Landlords Rejoice! The Bankruptcy Code Loves You

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Certain changes in the bankruptcy laws, which were enacted 'under the radar screen' afford dramatic improvements in the rights of commercial landlords, at just the time when they might come in handiest, due to a slowing economy and softer real estate values.

Most of the public attention, in the enactment of the new law, has been paid to consumer matters and credit card debt, given that the prime movers for the new legislation were consumer credit issuers

"In the wake of the recent and very substantial changes to the nation's bankruptcy laws, the most significant beneficiaries are likely to be commercial landlords." So says Warren R. Graham, a bankruptcy lawyer with 25 years of experience, much of it representing both landlords and tenants in large Chapter 11 reorganizations.

"Most of the public attention, in the enactment of the new law, has been paid to consumer matters and credit card debt, given that the prime movers for the new legislation were consumer credit issuers," says Graham. "But many changes have been made in the area of business bankruptcies, which are profound, and which have received virtually no reportage." Much of this did not seem so important since the new law took effect in October, 2005, in the midst of a vibrant economy and explosive real estate market. "But," Graham argues, "with the potential confluence of a weakening economy and softer real estate values, the prospect for commercial lease dispositions in bankruptcy cases is likely to increase dramatically, and soon."

The new law gives a commercial tenant in bankruptcy 120 days, with a possible one-time 90 additional days, to 'assume' or 'reject' its lease. After that, unless the landlord consents, the lease reverts to the landlord. "Under prior law," said Graham, "landlords could get stuck for many months, or even years, as debtors marketed valuable leases for the benefit of their creditors, often at the expense and risk of the landlords. The uncertainty occasioned by being held 'in legal limbo' created problems for landlords wishing to sell their properties, refinance, or even, in the case of shopping centers, lease adjoining space, because of 'cross-default' and 'use-clause' provisions." This is a particularly important phenomenon in large retail Chapter 11 cases, in which hundreds, or even thousands of leases may be implicated, and the values realized by their sales often determine the success or failure of the reorganization effort.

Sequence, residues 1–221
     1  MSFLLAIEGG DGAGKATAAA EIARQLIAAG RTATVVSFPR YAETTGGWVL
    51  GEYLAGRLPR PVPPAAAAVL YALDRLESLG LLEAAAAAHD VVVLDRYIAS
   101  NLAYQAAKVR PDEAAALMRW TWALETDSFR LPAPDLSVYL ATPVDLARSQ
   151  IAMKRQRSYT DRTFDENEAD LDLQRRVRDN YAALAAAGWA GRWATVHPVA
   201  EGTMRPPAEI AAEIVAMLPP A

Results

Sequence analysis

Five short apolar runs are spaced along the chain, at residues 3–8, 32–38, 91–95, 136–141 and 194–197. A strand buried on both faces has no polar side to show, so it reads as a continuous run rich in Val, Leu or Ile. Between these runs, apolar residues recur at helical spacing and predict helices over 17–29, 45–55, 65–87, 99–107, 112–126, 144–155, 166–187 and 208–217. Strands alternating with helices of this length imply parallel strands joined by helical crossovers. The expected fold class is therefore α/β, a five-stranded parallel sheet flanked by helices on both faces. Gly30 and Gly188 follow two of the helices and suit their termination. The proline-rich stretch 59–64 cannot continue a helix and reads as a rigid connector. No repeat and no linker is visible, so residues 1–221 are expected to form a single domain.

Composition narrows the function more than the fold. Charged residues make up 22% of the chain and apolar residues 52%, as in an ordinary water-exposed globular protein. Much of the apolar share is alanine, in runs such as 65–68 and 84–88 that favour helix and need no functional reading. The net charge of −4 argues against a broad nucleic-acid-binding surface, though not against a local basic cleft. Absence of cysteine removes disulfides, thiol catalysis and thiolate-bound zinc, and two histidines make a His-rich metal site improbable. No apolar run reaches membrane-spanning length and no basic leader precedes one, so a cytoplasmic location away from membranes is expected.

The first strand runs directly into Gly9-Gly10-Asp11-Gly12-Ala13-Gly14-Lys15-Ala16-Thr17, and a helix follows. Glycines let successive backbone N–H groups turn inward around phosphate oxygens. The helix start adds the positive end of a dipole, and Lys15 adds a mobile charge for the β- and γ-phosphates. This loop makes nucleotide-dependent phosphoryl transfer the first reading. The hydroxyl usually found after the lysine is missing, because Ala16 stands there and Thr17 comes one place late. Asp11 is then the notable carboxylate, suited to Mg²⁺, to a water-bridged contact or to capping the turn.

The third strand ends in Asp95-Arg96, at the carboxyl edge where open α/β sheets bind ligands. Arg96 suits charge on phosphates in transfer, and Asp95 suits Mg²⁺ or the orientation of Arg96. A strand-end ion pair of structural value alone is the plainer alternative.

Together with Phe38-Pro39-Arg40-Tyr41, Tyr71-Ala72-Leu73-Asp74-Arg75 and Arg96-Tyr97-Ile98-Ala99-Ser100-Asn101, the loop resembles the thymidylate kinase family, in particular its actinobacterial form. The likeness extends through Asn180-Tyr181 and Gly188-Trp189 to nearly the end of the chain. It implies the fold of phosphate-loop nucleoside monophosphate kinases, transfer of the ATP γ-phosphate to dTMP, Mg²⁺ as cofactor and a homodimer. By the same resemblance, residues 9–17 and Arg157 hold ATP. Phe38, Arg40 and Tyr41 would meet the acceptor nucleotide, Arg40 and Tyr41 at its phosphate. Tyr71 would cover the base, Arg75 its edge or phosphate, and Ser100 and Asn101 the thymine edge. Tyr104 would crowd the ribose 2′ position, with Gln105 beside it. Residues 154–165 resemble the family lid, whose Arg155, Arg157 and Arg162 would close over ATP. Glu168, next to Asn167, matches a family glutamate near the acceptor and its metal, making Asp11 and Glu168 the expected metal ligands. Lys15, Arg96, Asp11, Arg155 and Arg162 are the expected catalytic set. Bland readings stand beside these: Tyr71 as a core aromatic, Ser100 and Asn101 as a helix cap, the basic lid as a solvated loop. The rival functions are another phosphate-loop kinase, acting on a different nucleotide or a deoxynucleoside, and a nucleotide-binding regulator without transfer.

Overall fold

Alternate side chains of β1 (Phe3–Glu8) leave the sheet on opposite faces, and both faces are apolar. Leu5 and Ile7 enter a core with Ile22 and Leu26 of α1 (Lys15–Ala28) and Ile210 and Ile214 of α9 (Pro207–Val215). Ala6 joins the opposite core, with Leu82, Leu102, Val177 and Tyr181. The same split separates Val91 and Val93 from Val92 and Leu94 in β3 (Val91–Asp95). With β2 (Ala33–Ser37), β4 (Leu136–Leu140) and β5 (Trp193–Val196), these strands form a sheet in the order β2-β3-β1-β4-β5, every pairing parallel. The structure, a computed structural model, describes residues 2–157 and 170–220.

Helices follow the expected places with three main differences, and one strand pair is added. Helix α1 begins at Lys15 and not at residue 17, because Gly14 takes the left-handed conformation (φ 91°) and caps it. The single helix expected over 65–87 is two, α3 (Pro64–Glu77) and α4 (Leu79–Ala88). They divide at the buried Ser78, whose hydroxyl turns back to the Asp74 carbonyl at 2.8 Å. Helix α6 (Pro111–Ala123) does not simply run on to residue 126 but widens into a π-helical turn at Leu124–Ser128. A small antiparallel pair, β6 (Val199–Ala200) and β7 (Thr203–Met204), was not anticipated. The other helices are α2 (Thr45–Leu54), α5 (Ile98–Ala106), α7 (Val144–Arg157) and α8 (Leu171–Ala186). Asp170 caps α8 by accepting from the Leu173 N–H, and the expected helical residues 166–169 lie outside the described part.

Graham's own experience, in fact, includes the representation of one shopping center landlord, whose single lease was marketed out of three separate bankruptcies: W.T Grant, Caldor and Ames Department Stores.

According to Graham, the consensus among bankruptcy professionals is that the jury is still very much out on the benefits of the new law for issuers of consumer credit. It has, in fact, been argued that, even as those entities lobbied hard for the changes in the law, the likelihood is that their recoveries will not be materially enhanced by them. "But there is little doubt," Graham claims, "that landlords will benefit greatly by being able to rely on a swift and certain disposition of their property interests in Chapter 11 Cases. Next year's Christmas season may come earlier for retail landlords than for their retail tenants. And the role of Santa Claus may be played by the United States Congress, with bankruptcy lawyers in the supporting roles of his elves."

Warren R. Graham is an attorney with the New York Law Firm of Cohen Tauber Spievack & Wagner LLP, and a member of its Bankruptcy, Creditors’ Rights and Restructuring Department. He has been a frequent lecturer and writer on legal, political and religious subjects.

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